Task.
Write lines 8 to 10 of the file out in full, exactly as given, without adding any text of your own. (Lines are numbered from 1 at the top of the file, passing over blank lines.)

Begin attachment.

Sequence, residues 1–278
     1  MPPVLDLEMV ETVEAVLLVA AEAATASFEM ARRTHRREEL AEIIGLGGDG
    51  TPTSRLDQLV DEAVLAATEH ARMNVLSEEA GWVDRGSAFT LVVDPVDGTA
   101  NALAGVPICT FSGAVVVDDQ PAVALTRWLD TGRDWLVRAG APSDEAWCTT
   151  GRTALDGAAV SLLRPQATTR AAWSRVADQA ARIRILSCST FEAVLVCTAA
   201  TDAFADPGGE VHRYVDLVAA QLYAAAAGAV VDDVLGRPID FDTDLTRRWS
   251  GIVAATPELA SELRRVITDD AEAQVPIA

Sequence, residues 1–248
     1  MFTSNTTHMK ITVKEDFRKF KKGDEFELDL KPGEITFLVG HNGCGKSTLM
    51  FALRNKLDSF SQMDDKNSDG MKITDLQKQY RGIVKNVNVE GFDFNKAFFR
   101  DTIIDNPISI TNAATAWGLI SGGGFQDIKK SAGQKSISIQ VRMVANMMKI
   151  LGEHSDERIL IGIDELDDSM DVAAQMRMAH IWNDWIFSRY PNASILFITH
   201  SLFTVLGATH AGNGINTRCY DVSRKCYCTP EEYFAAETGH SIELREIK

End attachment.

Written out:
Sequence, residues 1–248
     1  MFTSNTTHMK ITVKEDFRKF KKGDEFELDL KPGEITFLVG HNGCGKSTLM
    51  FALRNKLDSF SQMDDKNSDG MKITDLQKQY RGIVKNVNVE GFDFNKAFFR